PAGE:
Hopefully the pair of Stonechats will still be around and this week Derek reports Great Spotted and Green Woodpeckers plus the resident Kingfisher on the Melchett Mere outlet stream.
Before then, tomorrow (7th) it's the CAWOS February meeting when Mark Sissons will be taking members on a journey through north and south America - "From Alaska to Argentina - Wildlife through the Americas". 7:45pm at St. Vincent's Church Hall on Tatton Street, Knutsford.
Today (6th) Bill Killey and I paid a visit to Shipbrook Hill Farm, Whatcroft and did a short bird survey on behalf of the owner Simon Bennett. The survey is organised by the Game and Wildlife Conservation Trust and known as the "Big Farmland Bird Count". Last year 1,400 farmers took part and recorded 140 species across more that a million acres.
We recorded 21 species, one more than last year in the 30' allowed for the exercise. It's not long, to say the least, but spread over so many locations and as it says on the label - "offers a simple means of recording the effect of any conservation schemes currently being initiated by farmers and gamekeepers on their land such as supplementary feeding or growing wild bird seed crops and game cover crops."
There's a nice little cafe in the farmyard and I can recommend the bacon batches - my turn next year Bill!
Species recorded at Shipbrook Farm. 6th February 2020. 10:10 - 10:40am. maximum number seen at the same time.
On Saturday and Sunday we joined forces with "The Friends of Knutsford Moor" (25th) and "The Friends of Knutsford Heath" (26th) for their annual RSPB Big Garden Birdwatches.
Here are the results of Saturdays Birdwatch on the Moor:-
Blackbird 3, Black-headed Gull 104,Blue tit 4, Bullfinch 4,Canada Goose 9,Carrion Crow 3,Chaffinch 1,Coal tit 1, Collared Dove 2, Coot 2,Cormorant 3,Goldcrest 1,Goldfinch 10,Great Tit 2, House sparrow 6, Jackdaw 7, Jay 1,Lesser black-backed Gull 1, Little grebe 2,Long-tailed Tit 9, Magpie 2, Mallard 10, Moorhen 2,Nuthatch 2, Redwing 10, Robin 2, Song Thrush 1, Mute Swan 1, Treecreeper 1, Tufted Duck 8, Woodpigeon 4, Wren 1. - 219 birds seen in 1 hour. 32 species. Not included is a peregrine which was seen hunting above the Moor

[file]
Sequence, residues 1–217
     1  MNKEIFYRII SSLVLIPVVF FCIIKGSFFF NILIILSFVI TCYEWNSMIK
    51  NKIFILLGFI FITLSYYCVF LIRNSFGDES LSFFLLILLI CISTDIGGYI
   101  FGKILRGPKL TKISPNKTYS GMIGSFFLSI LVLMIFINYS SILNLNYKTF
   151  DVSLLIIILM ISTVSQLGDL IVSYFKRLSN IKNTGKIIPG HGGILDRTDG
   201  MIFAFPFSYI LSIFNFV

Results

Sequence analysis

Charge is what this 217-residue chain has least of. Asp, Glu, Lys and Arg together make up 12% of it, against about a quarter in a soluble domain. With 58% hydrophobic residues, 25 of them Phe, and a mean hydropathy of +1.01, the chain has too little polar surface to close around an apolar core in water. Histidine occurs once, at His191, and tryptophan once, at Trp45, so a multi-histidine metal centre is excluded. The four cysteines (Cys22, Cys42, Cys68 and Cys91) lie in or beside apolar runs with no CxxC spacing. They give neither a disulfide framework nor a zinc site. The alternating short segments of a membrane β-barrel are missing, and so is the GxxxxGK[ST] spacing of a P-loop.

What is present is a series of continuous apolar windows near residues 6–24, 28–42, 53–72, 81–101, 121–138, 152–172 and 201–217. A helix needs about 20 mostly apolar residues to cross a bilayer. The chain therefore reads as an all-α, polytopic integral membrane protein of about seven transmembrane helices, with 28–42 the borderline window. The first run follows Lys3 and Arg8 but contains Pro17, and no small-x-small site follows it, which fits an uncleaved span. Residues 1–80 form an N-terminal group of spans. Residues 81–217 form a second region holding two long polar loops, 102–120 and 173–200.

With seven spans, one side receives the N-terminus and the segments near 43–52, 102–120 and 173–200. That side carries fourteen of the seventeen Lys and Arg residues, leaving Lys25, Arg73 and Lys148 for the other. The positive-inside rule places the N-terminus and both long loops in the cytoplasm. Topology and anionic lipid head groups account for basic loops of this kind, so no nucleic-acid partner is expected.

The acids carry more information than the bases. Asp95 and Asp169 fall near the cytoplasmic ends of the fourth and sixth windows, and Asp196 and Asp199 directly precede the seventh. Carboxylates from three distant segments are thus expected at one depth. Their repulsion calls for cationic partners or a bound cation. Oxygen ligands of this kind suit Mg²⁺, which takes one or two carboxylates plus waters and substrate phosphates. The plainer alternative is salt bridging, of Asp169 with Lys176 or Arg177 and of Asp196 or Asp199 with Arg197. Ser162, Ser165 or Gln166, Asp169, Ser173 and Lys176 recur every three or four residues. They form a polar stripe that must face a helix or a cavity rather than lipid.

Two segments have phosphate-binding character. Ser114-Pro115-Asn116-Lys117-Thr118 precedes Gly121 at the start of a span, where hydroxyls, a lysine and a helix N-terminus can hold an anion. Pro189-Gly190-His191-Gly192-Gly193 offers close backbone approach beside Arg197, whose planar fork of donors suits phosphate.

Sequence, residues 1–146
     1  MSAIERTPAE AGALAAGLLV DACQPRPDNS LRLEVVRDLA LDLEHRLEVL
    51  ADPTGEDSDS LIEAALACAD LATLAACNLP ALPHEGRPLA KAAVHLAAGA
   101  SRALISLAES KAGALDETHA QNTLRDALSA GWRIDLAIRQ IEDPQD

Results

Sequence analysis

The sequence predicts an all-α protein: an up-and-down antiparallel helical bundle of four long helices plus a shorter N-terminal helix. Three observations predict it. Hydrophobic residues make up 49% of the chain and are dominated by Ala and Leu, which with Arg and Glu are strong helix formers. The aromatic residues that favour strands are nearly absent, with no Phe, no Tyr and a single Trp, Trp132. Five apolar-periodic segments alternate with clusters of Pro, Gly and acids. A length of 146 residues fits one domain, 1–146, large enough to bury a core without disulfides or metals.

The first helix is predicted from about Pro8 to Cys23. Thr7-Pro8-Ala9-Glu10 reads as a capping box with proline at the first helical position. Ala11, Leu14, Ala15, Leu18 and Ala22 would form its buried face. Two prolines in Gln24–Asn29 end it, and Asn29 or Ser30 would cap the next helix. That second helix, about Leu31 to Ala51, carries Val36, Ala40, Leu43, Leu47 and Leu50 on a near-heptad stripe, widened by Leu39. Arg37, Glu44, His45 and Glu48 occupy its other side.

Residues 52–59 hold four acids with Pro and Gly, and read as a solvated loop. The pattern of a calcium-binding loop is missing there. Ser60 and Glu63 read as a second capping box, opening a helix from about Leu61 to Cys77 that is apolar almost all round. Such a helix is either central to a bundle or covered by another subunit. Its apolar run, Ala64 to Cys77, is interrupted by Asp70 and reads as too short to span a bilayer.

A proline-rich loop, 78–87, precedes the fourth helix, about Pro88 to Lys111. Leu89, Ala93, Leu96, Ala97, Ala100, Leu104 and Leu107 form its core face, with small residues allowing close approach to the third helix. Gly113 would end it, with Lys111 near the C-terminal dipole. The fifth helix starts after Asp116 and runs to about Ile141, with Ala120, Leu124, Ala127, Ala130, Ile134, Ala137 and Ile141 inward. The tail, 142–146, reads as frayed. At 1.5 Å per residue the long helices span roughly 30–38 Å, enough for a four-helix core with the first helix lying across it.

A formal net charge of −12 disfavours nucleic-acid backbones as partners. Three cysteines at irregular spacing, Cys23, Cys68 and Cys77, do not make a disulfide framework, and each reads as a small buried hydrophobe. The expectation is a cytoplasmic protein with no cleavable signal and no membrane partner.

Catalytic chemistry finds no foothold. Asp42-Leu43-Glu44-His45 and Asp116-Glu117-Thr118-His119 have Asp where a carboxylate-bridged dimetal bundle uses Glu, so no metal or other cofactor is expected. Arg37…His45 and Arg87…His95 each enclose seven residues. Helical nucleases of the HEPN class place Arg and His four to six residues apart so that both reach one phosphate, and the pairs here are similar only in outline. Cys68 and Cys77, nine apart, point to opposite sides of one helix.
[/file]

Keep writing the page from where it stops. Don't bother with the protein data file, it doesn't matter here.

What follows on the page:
Species seen on Knutsford Heath. 26 January 2020. 11:00am until noon.Blackbird, Blue Tit, Bullfinch, Buzzard, carrion Crow, Chaffinch, Coal Tit, Goldfinch, Great Spotted Woodpecker, Great Tit, Jackdaw, Long-tailed Tit, Magpie, Nuthatch, Pied Wagtail, Redwing, Robin, Treecreeper, Woodpigeon, Wren - 21 species.
13/01/2020......The first field trip of the new decade!
The first signs of the coming breeding season locally with The Hon. Sec. reporting Rooks in attendance and nest refurbishment underway at the small rookery next to the M6 services (31/12) and Buzzards displaying over the new building site (190) houses opposite the entrance to Lilac Avenue(10/1).
Much the same on Saturday(11th) over at the RSPB's Burton Wetlands reserve with, probably, two pairs of Buzzards and even more croaking Ravens vying for the best nest sites. The Buzzards can wait but the Ravens will hope to start laying during the first week in February.
It was a relatively warm day (12 ° C) for our first field trip of the year, very gloomy when we arrived at 09:40am but things improved as the day went on, although the wind speed increased to gale force early in the afternoon. All the species we've come to expect at this time of the year were on view from the reception building, with the addition of a scattering of Golden Plovers amongst the massed ranks of Lapwings. The high tide had perhaps encouraged more waders than usual to rest and feed on the reserve, Dunlin were numerous with a flock of c200 birds and a constant stream of Curlews arrived from the estuary, some calling as they flew in - that most evocative of bird calls, telling us of wild, lonely places in the far north.
A Cetti's Warbler sang for a few moments as we made our way towards the Marsh Covert hide from where Gadwall and a nice male Pintail were added to a rapidly expanding day list. No new species from the Inner Marsh hide, although as we walked back towards the reception centre a mixed flock of thrushes passed over, amongst them chattering Fieldfares, unlike their close cousins the Redwings, few and far between this winter.